Scientists identify largest flying animal in history

Rodiano Bonacci
Settembre 11, 2019

The carnivorous animal lived in modern-day Alberta throughout the Cretaceous interval about 77 million years in the past, based on a brand new research within the Journal of Vertebrate Paleontology.

30 years ago its remains were discovered in Alberta, Canada.

A new study has now revealed the remains are actually that of the Cryodrakon boreas, a new species and the first pterosaur to be discovered in Canada. Having lived during the Cretaceous period approximately 77m years ago, this creature may have been among the largest ever flying animals with a wingspan of 10 metres. That animal, like the newly described Cryodrakon boreas, belong to a group known as the azhdarchid pterosaurs, which were notable for being mostly head and neck, and known primarily from limited and fragmentary remains, which also makes them hard to classify or understand their behavior and biology. As one professional mentioned, think about a "giant flying murder head".

Upon its discovery in Canada decades ago, the remains were wrongly assumed to belong to an already known species of pterosaur called Quetzalcoatlus.

There are more than 100 known species of pterosaurs.

The uncovered skeleton - which consisted of the wings, legs, neck and a rib - is believed to be that of a juvenile cryodrakon.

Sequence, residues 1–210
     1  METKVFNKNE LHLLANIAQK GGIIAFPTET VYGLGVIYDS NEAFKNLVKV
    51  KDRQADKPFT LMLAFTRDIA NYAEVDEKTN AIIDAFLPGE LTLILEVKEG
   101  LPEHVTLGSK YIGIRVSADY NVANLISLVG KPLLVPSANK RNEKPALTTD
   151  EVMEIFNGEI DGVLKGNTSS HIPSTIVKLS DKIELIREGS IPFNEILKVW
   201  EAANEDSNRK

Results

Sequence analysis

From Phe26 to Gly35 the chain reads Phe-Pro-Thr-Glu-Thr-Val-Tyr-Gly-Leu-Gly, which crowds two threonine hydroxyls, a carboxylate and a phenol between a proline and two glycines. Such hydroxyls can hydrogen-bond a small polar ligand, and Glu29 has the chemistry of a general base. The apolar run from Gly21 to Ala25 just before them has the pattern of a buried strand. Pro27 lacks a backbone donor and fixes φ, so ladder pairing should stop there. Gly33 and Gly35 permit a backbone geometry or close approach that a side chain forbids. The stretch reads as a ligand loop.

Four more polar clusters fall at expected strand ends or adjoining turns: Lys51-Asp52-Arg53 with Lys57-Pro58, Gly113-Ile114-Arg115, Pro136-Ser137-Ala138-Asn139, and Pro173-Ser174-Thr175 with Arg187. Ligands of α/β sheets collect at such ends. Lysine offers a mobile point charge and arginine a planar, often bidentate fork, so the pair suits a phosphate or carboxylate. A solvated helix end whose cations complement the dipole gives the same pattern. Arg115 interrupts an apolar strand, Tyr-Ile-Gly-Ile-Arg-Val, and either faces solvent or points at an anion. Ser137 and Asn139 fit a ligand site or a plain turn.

Illustration of a birdseye view of the Cryodrakon boreas in flight coloured red and white
Illustration of the Cryodrakon boreas in flight coloured red and white. Image David Maas

The main skeleton is from a young animal with a wingspan of about 5 metres but one giant neck bone from another specimen suggests an adult animal would have a wingspan of around 10 metres.

A newly discovered dinosaur fossil has been given a name that sounds like something Daenerys Targaryen would give to her dragons. It had no chewing equipment, so it might seemingly eat no matter was sufficiently small to go down the gullet, together with lizards, mammals and child dinosaurs. Even though they had the wing capacity to fly across oceans, the fossil record shows they stuck close to inland environments.

The study authors are Habib of USC; David W.E. Hone of the School of Biological and Chemical Sciences, Queen Mary University of London; and Francois Therrien of the Royal Tyrrell Museum of Palaeontology, Drumheller, Alberta. This is because, while they were distributed across the Americas, Asia, Africa and Europe, few azhdarchids remain except in fragments.

"It is great that we can identify Cryodrakon as being distinct to Quetzalcoatlus as it means we have a better picture of the diversity and evolution of predatory pterosaurs in North America".

"The azhdarchids had long legs and large feet that marked them as being a group that spent much more time on the ground than most other pterosaurs and we have some good tracks for them from Korea that shows they were adept walkers", Hone said.

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